Tuesday, October 2, 2018

Rebuilding the Blue Wall in the Rustbelt

Reid Wilson has a good article about this in The Hill. For reference, here are current RCP poll averages for D candidates for Governor and Senator in Rustbelt-ish states (note: not all of these states were typically included in the Blue Wall category).
Governor:
IA: D+4
IL: D+13
MI: D+10
MN: D+7
OH: D+3
PA: D+17
WI: D+5
Senator:
IN: D+1
MI: D+19
MN 1: D+22
MN 2: D+7
OH: D+15
PA: D+16
WI: D+11
I think I detect a pattern. From Reid Wilson's article:
“The Midwest used to be what was referred to as the blue wall, with working class and middle class communities” voting Democratic, said Jim Ananich, the Democratic minority leader in the Michigan state Senate. “Obviously, that fell apart in 2016.”
Now, five weeks before Election Day, public polls show Democrats surging in races up and down the ballot in those Midwestern states, and even in less competitive states like conservative Kansas and liberal Illinois.
The contrast between the Republican dominance of the last decade and Democrats’ apparent advantage this year is most notable in gubernatorial contests.
Democrats hold just one governorship in the Midwest this year, in Minnesota. But public polls show Democratic candidates leading races for governor in Minnesota, Michigan, Wisconsin, Illinois and even Iowa, where Gov. Kim Reynolds (R) trailed businessman Fred Hubbell in a recent poll conducted for the Des Moines Register.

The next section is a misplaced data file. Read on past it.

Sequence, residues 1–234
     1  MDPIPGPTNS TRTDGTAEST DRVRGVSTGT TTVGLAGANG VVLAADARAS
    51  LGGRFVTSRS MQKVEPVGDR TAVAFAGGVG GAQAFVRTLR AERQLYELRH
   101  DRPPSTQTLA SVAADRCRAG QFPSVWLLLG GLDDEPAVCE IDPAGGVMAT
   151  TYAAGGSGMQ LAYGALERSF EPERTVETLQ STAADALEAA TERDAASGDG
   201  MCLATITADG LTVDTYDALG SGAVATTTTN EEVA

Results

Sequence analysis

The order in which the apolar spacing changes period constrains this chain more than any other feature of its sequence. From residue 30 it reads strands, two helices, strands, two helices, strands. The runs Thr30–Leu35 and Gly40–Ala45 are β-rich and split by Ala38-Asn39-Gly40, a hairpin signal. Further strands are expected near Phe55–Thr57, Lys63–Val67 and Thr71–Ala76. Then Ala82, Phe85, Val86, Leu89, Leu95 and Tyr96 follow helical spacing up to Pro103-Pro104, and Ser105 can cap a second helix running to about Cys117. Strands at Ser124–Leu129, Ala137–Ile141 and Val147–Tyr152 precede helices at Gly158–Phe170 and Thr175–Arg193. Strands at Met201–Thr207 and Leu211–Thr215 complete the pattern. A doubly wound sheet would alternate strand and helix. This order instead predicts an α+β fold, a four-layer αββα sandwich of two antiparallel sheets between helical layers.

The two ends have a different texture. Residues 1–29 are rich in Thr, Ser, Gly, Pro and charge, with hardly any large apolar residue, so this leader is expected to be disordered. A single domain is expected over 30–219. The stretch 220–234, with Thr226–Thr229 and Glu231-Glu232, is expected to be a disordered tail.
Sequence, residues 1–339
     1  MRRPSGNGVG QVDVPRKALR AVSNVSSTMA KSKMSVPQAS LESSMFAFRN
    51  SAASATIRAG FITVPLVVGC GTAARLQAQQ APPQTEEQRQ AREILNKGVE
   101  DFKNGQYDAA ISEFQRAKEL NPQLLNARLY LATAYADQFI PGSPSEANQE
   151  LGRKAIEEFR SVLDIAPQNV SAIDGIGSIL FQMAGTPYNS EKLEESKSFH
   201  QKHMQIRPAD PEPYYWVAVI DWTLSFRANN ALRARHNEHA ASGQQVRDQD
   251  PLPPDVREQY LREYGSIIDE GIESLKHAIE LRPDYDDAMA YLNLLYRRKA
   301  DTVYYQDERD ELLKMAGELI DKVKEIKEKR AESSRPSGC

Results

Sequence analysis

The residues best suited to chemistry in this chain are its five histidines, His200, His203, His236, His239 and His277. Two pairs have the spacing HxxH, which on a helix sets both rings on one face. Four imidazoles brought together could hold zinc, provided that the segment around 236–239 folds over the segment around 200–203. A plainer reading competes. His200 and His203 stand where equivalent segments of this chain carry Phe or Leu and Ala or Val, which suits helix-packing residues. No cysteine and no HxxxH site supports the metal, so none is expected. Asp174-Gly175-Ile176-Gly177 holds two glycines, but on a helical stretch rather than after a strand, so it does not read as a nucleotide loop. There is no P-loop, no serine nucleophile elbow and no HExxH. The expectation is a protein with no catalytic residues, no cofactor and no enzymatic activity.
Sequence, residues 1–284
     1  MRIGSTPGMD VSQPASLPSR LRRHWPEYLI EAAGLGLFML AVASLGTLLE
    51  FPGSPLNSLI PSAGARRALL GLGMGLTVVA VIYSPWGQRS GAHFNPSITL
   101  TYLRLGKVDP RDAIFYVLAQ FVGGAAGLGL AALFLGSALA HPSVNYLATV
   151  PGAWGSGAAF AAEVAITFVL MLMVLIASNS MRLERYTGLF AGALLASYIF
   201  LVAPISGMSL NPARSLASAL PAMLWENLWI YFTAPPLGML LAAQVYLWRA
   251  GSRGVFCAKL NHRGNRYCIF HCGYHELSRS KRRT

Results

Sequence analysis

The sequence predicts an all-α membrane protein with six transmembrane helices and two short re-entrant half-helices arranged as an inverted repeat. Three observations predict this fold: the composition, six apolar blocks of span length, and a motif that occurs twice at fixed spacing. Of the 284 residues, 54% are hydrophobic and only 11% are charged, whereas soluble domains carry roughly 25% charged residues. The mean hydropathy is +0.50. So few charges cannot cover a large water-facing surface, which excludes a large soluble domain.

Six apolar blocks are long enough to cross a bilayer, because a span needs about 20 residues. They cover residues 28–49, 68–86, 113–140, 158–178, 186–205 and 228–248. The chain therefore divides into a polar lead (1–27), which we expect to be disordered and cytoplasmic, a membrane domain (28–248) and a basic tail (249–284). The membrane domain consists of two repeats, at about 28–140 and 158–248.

If a Democratic wave crests over the Midwest this year, even Ohio and Kansas are in play. Public polls show former Consumer Financial Protection Bureau chief Richard Cordray (D) running neck and neck with Attorney General Mike DeWine (R). A recent survey in Kansas found Secretary of State Kris Kobach (R), an arch-conservative, running even with state Sen. Laura Kelly (D), the Democratic nominee.
The situation is so grim in some states that Republican strategists believe weak gubernatorial candidates may cost the party down-ballot, in races for U.S. House seats.....
Republicans watching the Midwest with growing alarm say their candidates are being dragged down by Trump, whose approval ratings in Midwestern states is lower than in other regions. Recent polling has pegged Trump’s approval rating below 40 percent in Iowa, Michigan, Illinois and Minnesota, and only in the low-to-mid 40s in Ohio and Wisconsin."
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THEHILL.COM
The Midwestern states that handed President Trump the White House two years ago now appear poised to deliver a sharply negative verdict against his party, thanks in no small part to voters’ dissatisfaction with the way Trump has handled his job.

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